Position Size

I received an email from a reader asking about position sizes in his 401k. The account size is not huge but big enough for some real diversity. The reader shared that he has 32 positions. The largest holding as a very good OEF that comprises 9% of the portfolio and the smallest position is a CEF that captures a particular effect that has a 0.5% weight. He wanted to know if positions under 5% were worth it. The short answer is yes. I told the emailer that the half a percent weight might be a little light. I doubt that such a small weighting could capture whatever effect that is trying to be captured. He gave me only two names out of the 32 but both were funds. Portfolios with a lot of funds need to be diligently monitored for overlap. I realize this can be tough to do for timeliness but do what you can. My starting point for assembling a portfolio is to decide what weightings I want in each sector. I then go sector by sector using common stocks, ETFs or a combo of both. I then tweak those by factoring in things like the sector weightings in, for example, the India Fund for clients that will own that or the water ETF for people that own that. This can be harder to control with broad based funds. As for weightings with individual stocks, most of the time I weight a stock at either 2% or 3% of a portfolio. Google was an exception to the low side at about...

Not As Flat As I Thought

For the week so far the S+P 500 is down 14 points (as of 3:45 EST), a little over 1%. I did an interview earlier in the week where I opined that the week would be very dull with most folks crossing their fingers and toes just hoping to close out the year where it is. Although most of the drop for the week was on one day I have to say I did not expect this big a move. NYSE volume, as of ten minutes ago, was below 900 million shares. As for the first couple of weeks of 2006 I think it could go either way but it seems like more people expect a negative start to the year. If that is the consensus then maybe January will start out pretty...

PIPDX

A reader asked for my opinion about this fund. This is tough to figure. The fund is mostly comprised of bonds but its benchmark is the EAFE index. It uses leverage to buy futures and uses the remaining cash to buy bonds. According to Yahoo Finance it has about 73% in bonds. I did not find duration info on either Yahoo or Morningstar. This year the fund is way ahead of EFA and last year it lagged it by 6.8%. I think the bond component is the driver. A good bet on bonds (bet may not be a fair word) and the fund does well, a bad bet and the fund will do poorly. If rates rise, as is usually the case in a Fed tightening cycle, I would think the fund would be hurt. I think it might be less risky (if done properly which is a big if) to replicate the strategy on your own. An individual bond will go back to par. A fund has no par price it must revert to. A big difference between this and the PLMDX I looked at the other day is that PIPDX’ strategy could be done on your own, and be less risky) PLMDX’ strategy is not something that could be captured with any liquidity or breadth of currency. I don’t think my bank has Hungarian florint NDFs readily...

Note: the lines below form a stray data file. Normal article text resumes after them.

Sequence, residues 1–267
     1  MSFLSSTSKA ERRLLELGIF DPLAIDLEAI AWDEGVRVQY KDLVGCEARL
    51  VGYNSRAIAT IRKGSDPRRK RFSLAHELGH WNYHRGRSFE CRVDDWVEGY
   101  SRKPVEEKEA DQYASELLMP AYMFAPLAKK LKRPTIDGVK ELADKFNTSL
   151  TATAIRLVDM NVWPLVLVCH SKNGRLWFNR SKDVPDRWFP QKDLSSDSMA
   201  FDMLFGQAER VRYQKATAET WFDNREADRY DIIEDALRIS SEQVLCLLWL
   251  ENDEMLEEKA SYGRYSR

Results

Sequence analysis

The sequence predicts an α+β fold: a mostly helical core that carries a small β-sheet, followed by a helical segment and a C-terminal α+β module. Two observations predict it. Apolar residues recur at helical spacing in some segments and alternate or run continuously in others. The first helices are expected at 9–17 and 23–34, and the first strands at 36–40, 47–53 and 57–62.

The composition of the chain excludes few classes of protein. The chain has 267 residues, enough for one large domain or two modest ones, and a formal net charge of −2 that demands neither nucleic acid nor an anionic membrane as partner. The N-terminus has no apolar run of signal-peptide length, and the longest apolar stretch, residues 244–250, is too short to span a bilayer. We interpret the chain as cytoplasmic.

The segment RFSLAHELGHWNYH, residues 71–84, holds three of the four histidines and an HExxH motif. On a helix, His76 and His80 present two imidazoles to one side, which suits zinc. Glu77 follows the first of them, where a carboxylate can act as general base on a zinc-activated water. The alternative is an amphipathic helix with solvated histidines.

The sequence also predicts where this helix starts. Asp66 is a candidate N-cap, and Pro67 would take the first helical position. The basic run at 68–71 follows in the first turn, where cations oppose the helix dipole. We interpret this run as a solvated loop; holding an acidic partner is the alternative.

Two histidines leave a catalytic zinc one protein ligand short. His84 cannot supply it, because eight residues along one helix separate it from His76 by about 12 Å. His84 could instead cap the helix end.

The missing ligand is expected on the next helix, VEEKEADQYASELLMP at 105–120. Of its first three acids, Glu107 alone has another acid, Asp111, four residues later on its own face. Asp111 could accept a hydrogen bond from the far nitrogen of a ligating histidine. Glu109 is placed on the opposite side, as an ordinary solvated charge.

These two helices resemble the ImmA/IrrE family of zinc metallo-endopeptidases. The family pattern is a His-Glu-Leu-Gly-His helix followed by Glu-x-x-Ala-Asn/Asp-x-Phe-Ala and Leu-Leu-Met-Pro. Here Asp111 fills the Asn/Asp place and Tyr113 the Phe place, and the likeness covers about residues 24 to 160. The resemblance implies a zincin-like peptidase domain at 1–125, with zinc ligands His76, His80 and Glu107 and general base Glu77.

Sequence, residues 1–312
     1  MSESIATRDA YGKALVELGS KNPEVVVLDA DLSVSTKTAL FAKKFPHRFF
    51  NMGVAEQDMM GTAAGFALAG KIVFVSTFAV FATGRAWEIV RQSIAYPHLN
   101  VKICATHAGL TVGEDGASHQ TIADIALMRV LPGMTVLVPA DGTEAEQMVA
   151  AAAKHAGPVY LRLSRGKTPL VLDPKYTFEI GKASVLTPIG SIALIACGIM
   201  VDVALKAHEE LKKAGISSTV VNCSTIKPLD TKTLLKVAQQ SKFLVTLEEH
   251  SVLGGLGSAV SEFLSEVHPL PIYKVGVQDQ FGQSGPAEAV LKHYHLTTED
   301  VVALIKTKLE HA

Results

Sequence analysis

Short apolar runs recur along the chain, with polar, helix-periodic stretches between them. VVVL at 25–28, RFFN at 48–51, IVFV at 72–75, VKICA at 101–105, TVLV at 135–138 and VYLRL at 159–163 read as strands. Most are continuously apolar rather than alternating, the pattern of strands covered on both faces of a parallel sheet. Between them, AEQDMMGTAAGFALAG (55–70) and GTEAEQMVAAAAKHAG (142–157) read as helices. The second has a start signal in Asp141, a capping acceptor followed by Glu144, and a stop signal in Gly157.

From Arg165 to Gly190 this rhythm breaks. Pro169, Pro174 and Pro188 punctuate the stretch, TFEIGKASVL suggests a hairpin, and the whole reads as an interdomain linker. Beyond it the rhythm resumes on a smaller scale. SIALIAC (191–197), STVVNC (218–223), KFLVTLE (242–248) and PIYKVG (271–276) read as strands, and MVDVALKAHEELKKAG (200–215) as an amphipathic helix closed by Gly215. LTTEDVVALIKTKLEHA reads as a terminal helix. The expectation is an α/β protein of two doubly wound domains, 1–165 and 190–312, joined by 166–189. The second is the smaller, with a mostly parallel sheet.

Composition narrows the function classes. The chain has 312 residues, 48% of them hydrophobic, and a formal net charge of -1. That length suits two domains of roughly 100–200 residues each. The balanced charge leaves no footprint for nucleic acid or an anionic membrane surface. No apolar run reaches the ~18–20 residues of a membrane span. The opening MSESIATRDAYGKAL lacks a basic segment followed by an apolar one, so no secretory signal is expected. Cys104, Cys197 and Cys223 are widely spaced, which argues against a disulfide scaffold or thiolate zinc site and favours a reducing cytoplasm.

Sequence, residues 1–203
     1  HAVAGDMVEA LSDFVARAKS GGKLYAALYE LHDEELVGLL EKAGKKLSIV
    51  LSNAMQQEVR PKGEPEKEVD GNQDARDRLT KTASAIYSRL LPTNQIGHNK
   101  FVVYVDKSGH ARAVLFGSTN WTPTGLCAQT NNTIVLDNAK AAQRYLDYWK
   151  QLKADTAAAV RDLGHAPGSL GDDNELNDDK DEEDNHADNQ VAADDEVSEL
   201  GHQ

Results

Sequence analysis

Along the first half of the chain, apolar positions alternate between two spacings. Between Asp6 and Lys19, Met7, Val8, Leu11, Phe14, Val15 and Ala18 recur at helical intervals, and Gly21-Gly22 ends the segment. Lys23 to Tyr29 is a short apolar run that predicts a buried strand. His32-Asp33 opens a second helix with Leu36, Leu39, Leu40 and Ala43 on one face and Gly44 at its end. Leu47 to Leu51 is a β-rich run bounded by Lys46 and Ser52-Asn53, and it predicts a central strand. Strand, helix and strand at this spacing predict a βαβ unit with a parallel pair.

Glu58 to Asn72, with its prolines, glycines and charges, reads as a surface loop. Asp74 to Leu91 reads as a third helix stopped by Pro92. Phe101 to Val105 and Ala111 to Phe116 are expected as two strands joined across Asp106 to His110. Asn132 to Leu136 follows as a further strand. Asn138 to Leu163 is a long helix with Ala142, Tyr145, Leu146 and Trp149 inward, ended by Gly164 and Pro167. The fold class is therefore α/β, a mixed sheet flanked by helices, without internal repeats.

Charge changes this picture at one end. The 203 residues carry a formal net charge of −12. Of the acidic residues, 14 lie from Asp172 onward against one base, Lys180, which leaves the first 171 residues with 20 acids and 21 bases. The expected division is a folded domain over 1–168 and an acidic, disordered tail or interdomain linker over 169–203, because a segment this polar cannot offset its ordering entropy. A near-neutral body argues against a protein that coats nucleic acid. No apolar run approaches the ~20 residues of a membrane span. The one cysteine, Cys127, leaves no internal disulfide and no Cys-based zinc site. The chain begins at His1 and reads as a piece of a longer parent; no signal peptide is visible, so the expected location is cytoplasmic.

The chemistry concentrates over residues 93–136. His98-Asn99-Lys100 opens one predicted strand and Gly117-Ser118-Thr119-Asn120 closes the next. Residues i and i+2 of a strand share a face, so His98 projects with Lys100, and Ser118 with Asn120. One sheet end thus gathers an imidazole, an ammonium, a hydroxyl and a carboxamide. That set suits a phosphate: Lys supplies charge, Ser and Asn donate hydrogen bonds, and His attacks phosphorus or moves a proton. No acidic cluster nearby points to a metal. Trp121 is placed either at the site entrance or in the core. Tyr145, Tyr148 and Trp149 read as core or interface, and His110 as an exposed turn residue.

Russian Index

A reader left a question about Russian indices. I did not fully follow the question but the benchmark index is the RTS. You can get a little bit of info on MarketWatch as ticker...

Hire An Adviser?

Earlier there were some comments left about the dilemma faced about whether to hire someone to help manage money and whether it becomes necessary at some point as a function of old age or other factors. Since this addresses what I do for a living, I may be biased. The vast majority of people will not hire someone to help them, this seems quite clear to me. I don’t have a tremendous amount of insight here but I think it really just boils down to a couple of things. The first thing is trust. Not so much trust of not stealing (I don’t think theft happens very often and if your assets are custodied at a brokerage firm it won’t be a problem) but trust that the person cares about his clients, which is probably a bigger problem than theft, and that once you find someone that does care that they will be around for a while. One thing that may not be very important is performance. If you have saved enough money and that money captures most of what the market does, you will grow your assets sufficiently enough to pay the bills and keep up with inflation. It is only logical that any adviser will beat the market some years and lag it others. I’m sure there are exceptions on both sides but keeping close with a philosophy that you can be comfortable with is what I think is most important. I think the last paragraph, while my general take, may not be that simple to do as far as finding someone. I would urge anyone that...